Birds and vacationing humans aren’t the only animals to migrate south for the cold months of winter. It turns out that basking sharks do, too.
They are the ocean‘s second largest fish, and live in temperate waters from late spring until early fall. But then they disappear, and until now scientists have only been able to guess where they go–some have even suggested that the sharks hibernate on the ocean floor. To find the real answer, the team tagged 25 basking sharks off the coast of Cape Cod and tracked them as they made their wintertime trip. The researchers found that the sharks headed south [to the Caribbean], some going as far as Brazil [Science News].
The basking shark is a benign behemoth. It swims at about three miles per hour with its four-foot-wide mouth gaping open, filtering through almost 500,000 gallons of water every hour for its plankton sustenance [Wired]. They can grow to 35 feet or longer, but aside from knowing the sharks spend most of their time in temperate waters, scientists have been mystified by these fish for years: no one has ever examined a newborn basking shark. No one has seen a pregnant female. No one knows where the animals give birth [Discovery News].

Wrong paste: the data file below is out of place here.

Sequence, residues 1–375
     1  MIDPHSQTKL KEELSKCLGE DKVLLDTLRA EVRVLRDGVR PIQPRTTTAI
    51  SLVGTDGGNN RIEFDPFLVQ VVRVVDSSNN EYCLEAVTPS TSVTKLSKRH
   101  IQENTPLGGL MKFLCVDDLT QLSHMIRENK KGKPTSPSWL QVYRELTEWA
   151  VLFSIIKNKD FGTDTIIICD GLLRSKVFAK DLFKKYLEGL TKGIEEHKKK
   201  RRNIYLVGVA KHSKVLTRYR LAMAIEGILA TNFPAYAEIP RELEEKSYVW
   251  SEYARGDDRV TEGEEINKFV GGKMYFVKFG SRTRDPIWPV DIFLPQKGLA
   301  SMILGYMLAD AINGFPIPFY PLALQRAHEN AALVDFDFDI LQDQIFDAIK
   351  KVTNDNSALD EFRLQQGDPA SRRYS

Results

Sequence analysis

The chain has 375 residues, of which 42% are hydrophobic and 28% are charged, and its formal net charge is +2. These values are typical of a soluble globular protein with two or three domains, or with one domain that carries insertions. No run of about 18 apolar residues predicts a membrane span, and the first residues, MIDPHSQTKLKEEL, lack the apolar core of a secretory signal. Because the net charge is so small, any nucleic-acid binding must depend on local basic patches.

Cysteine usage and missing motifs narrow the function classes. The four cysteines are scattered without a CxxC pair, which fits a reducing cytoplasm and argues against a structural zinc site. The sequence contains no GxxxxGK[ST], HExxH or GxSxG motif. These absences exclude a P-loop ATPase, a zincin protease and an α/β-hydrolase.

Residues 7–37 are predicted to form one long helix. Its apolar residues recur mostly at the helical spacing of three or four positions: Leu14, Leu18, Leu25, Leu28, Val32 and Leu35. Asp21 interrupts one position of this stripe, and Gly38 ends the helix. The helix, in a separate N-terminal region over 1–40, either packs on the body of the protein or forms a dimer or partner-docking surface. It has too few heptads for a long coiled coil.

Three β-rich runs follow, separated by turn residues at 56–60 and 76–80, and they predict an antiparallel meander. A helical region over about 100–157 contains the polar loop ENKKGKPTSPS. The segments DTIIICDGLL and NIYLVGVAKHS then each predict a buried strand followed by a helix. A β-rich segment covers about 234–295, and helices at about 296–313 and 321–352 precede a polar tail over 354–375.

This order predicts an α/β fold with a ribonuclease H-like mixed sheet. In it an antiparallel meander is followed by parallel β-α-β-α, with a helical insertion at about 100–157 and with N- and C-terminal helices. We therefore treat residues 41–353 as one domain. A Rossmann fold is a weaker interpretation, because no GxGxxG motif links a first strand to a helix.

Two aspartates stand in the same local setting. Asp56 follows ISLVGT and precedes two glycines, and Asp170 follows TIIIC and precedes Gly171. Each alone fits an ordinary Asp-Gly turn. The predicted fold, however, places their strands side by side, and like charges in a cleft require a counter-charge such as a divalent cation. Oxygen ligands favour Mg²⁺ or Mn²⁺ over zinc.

In the new study, published in Current Biology, the researchers also found that despite basking sharks’ tendency to swim near the ocean surface in the spring and summer, the sharks made their winter journeys at depths of 200 to 1,000 meters and stayed at those depths for weeks or months at a time [Science News]. Researchers say that may explain why the sharks have never before been spotted during their southern sojourns.
The findings are surprising, since basking sharks were previously thought to spend all their time in cooler waters. “This is equivalent to finding polar bears in Kansas” [Discovery News], said lead researcher Greg Skomal. But it’s still not clear what drives the sharks to embark on such a long, depleting journey every year. Skomal hypothesizes that these migrations might be linked to reproduction, with females seeking a tropical nursery where they can give birth [Nature News], while other researchers suggest the sharks may be looking for rich plankton feeding grounds.
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Image: Chris Gotschalk